Abstract: This study aims to explore the potential benefits of a Chinese Chan-based lifestyle intervention on enhancing memory in older people with lower memory function. Forty-four aged 60–83 adults with various level of memory ability participated in the study. Their memories (including verbal and visual components) were assessed before and after 3 months intervention. The intervention consisted of 12 sessions, with one 90 min session per week. The intervention involved components of adopting a special vegetarian diet, practicing a type of mind–body exercises, and learning self-realization. Elderly with lower memory function at the baseline (i.e., their performance on standardized memory tests was within 25th percentile) showed a significant memory improvement after the intervention. Their verbal and visual memory performance has showed 50 and 49% enhancement, respectively. In addition, their improvement can be considered as a reliable and clinically significant change as reflected by their significant pre–post differences and reliable change indices. Such robust treatment effect was found to be specific to memory functions, but less influencing on the other cognitive functions. These preliminary encouraging results have shed some light on the potential applicability of the Chinese Chan-based lifestyle intervention as a method for enhancing memory in the elderly population.
Dejian Mind-Body Intervention Improves the Cognitive Functions of a Child with Autism
Agnes S. Chan,Sophia L. Sze,Mei-Chun Cheung,Yvonne M. Y. Han,Winnie W. M. Leung,Dejian Shi
Evidence-Based Complementary and Alternative Medicine , 2011, DOI: 10.1155/2011/549254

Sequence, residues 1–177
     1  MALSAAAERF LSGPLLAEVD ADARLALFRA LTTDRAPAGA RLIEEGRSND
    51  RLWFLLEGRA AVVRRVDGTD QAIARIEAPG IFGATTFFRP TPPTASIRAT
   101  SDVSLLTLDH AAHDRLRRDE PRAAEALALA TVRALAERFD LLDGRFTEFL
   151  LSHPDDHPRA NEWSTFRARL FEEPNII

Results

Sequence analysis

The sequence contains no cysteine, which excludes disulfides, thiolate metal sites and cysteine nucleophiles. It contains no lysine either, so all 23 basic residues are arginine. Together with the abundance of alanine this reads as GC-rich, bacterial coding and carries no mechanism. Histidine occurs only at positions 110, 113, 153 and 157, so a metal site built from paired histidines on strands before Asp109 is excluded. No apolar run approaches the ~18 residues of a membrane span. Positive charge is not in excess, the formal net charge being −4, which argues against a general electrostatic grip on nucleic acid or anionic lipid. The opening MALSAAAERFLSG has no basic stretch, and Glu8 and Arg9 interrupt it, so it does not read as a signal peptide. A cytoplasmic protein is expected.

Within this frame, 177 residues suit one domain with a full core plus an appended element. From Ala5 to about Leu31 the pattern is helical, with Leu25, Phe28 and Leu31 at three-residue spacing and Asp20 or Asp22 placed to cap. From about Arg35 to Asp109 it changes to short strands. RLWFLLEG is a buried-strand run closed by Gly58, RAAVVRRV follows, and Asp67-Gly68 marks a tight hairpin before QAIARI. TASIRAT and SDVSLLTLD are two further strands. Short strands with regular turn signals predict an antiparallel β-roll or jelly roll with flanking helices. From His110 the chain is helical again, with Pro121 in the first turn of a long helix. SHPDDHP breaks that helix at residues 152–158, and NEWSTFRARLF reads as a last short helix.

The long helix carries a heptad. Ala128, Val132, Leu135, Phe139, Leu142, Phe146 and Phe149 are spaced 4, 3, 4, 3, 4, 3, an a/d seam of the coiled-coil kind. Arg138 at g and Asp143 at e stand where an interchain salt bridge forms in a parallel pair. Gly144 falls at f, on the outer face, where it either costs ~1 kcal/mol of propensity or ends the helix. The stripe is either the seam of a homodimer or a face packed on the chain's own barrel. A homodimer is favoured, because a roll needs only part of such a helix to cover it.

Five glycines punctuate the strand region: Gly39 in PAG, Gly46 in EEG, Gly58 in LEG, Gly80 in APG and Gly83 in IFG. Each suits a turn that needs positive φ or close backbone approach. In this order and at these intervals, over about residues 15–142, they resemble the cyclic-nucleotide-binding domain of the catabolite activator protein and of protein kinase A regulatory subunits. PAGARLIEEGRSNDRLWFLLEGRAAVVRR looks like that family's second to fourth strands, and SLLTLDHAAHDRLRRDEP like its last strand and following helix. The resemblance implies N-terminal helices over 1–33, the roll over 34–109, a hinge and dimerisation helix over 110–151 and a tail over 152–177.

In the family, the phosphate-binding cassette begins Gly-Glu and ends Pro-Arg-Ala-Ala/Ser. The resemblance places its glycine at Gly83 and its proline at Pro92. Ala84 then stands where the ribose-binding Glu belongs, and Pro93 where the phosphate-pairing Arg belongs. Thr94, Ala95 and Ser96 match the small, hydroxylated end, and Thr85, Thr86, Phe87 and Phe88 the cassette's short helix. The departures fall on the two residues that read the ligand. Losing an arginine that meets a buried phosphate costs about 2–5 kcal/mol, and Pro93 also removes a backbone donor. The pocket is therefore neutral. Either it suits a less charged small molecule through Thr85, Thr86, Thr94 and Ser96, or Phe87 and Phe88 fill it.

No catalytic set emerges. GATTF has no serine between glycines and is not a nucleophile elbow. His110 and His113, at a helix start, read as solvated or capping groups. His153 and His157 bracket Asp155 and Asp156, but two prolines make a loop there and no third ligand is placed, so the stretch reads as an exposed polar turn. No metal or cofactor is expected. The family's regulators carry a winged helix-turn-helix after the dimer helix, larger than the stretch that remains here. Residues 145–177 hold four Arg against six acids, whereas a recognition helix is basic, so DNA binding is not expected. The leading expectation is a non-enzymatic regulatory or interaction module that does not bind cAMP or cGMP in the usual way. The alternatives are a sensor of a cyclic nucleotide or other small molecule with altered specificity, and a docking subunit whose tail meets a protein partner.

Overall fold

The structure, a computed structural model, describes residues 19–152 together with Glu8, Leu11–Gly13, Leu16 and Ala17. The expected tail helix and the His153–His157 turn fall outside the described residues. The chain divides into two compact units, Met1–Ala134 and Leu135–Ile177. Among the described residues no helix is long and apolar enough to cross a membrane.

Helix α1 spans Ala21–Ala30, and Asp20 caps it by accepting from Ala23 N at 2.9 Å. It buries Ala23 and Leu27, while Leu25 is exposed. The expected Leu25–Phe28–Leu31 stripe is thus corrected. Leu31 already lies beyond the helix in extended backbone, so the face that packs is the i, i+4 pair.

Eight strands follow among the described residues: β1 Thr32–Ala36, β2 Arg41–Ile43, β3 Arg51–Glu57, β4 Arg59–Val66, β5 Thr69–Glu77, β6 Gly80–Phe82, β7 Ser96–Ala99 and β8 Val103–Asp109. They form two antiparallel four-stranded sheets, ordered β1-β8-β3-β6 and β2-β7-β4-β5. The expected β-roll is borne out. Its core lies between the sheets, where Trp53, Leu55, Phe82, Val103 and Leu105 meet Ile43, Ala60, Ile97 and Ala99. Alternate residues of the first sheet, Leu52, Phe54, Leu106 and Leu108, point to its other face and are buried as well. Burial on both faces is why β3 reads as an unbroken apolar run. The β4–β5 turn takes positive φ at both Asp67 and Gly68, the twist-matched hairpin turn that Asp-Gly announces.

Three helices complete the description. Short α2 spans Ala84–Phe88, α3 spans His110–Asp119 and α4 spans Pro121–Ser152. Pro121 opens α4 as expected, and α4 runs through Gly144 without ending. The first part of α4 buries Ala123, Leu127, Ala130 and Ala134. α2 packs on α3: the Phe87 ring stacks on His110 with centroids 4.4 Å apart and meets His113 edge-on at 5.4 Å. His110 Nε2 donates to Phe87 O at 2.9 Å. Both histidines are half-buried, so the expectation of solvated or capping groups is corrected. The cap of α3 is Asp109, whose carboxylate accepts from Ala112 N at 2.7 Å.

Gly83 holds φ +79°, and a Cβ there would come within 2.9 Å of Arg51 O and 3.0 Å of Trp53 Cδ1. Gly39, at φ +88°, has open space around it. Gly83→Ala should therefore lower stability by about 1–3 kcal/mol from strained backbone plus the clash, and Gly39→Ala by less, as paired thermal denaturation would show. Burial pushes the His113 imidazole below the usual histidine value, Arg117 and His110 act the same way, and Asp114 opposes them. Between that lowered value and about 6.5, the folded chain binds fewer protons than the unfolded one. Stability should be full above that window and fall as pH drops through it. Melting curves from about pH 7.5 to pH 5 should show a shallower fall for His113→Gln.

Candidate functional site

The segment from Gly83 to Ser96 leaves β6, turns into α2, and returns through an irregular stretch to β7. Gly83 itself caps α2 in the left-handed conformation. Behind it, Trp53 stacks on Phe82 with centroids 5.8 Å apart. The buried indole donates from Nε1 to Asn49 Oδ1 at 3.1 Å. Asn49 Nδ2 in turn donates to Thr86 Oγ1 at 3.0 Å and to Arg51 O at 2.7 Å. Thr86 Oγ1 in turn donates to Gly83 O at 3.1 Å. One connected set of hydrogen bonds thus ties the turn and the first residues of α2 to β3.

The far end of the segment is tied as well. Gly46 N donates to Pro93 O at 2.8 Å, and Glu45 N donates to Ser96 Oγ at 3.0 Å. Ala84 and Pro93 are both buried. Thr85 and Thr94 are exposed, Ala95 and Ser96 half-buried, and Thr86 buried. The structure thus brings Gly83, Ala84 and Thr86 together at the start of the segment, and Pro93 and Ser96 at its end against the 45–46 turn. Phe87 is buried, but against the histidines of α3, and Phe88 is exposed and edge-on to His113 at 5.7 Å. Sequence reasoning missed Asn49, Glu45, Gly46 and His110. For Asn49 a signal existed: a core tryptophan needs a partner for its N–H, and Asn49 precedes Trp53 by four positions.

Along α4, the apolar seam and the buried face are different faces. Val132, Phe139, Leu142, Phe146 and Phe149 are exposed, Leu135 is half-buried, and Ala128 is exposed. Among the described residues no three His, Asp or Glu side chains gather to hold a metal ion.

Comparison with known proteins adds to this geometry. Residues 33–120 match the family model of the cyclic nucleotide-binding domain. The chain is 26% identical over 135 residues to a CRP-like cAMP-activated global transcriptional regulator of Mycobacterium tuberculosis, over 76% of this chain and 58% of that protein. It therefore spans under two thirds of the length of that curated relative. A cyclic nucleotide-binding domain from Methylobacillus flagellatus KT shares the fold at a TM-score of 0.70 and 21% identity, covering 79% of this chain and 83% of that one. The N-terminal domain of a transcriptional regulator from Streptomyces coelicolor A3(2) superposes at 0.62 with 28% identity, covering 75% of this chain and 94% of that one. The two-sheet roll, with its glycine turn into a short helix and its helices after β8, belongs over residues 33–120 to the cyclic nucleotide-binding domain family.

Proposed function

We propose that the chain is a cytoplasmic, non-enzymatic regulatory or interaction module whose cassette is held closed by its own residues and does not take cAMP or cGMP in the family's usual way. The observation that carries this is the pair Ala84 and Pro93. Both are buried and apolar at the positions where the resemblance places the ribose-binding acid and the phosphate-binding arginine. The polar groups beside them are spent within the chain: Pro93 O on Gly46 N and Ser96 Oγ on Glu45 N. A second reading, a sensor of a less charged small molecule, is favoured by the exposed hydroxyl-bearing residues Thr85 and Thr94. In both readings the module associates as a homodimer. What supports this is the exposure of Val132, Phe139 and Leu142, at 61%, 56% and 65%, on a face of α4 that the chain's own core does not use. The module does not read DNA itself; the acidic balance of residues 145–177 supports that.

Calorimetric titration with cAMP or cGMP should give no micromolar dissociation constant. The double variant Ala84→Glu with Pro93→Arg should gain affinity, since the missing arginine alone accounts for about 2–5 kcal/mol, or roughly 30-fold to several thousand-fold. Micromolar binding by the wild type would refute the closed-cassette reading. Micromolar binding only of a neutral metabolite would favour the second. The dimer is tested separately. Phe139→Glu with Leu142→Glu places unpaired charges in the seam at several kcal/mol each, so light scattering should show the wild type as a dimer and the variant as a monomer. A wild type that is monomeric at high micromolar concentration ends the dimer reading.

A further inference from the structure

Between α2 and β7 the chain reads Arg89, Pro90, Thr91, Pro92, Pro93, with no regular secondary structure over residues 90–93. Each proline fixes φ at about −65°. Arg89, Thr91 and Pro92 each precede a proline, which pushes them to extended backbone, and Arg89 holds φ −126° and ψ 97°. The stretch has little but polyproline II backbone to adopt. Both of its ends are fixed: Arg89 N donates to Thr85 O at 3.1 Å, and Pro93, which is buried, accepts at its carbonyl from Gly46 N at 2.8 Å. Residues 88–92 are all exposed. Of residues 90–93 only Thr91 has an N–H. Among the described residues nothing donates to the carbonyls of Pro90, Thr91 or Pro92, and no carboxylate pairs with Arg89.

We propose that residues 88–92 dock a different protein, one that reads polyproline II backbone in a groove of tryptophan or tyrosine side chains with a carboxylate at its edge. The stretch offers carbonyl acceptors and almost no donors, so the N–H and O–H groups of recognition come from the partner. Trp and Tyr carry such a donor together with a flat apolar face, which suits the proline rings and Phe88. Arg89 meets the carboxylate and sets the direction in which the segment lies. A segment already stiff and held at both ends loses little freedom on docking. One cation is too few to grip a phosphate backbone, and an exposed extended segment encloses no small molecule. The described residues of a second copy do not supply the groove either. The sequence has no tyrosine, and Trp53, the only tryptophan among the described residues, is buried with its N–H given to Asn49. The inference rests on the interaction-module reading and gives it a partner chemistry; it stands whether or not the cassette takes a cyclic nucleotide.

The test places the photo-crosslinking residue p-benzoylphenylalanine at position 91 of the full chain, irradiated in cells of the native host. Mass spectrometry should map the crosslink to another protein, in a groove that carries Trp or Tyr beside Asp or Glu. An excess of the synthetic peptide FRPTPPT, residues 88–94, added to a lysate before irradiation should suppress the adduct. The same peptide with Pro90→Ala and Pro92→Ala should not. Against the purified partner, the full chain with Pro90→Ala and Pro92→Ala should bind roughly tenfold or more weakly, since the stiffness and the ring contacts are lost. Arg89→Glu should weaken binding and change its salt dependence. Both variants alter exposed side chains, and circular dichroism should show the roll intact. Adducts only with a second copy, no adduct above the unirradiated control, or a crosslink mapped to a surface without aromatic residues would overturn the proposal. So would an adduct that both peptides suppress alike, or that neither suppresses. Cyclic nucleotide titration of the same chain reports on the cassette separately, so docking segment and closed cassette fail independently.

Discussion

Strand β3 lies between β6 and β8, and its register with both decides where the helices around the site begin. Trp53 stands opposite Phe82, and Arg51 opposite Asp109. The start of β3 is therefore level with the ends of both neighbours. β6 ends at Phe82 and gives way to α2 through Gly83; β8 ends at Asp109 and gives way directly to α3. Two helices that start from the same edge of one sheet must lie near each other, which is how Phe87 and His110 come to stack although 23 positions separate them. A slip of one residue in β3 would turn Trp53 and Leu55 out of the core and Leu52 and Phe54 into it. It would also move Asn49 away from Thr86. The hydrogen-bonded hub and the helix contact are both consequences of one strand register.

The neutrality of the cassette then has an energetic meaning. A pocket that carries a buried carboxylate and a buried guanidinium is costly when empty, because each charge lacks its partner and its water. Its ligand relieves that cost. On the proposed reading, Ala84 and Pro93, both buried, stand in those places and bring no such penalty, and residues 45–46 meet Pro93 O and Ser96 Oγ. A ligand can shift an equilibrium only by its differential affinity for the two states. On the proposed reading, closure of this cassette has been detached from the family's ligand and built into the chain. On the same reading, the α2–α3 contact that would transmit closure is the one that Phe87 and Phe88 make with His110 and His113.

Abstract: There has been increasing empirical evidence for the enhancing effects of Dejian Mind-Body Intervention (DMBI), a traditional Chinese Shaolin healing approach, on human frontal brain activity/functions, including patients with autism who are well documented to have frontal lobe problems. This study aims to compare the effects of DMBI with a conventional behavioural/cognitive intervention (CI) on enhancing the executive functions and memory of a nine-year-old boy with low-functioning autism (KY) and to explore possible underlying neural mechanism using EEG theta cordance. At post-one-month DMBI, KY's inhibitory control, cognitive flexibility, and memory functioning have significantly improved from “severely-to-moderately impaired” to “within-normal” range. This improvement was not observed from previous 12-month CI. Furthermore, KY showed increased cordance gradually extending from the anterior to the posterior brain region, suggesting possible neural mechanism underlying his cognitive improvement. These findings have implicated potential applicability of DMBI as a rehabilitation program for patients with severe frontal lobe and/or memory disorders.
Shaolin Dan Tian Breathing Fosters Relaxed and Attentive Mind: A Randomized Controlled Neuro-Electrophysiological Study
Agnes S. Chan,Mei-Chun Cheung,Sophia L. Sze,Winnie Wing-Man Leung,Dejian Shi
Evidence-Based Complementary and Alternative Medicine , 2011, DOI: 10.1155/2011/180704
Abstract: Neuro-electrophysiological studies on meditative breathing revealed its association with either a relaxed or an attentive state. The present study aimed to investigate whether the Shaolin Dan Tian Breathing (DTB) technique, which consists of the Passive and Active subtypes and can be considered as a relaxation exercise and Qigong, would induce both relaxed and attentive states. Twenty-two adults and 22 age-, gender- and education-matched controls received training on the Shaolin DTB (experimental group) and the progressive muscle relaxation respectively for one month. Eyes-closed resting EEG data before and immediately after each type of breathing were obtained individually at baseline and after one-month training. At baseline, the EEG changes after the Shaolin DTB between both groups were comparable. After one-month training, participants in the experimental, but not the control, group showed enhanced temporal alpha asymmetry (an index of relaxation and positive mood) after performing the Passive DTB for five minutes, and enhanced intra- and inter-hemispheric theta coherence (an index of attention and alertness) after performing the Active DTB. The present findings suggested a positive effect of the Shaolin DTB technique on enhancing human neural activity and connectivity, which may possibly enhance mood state and cognitive functions.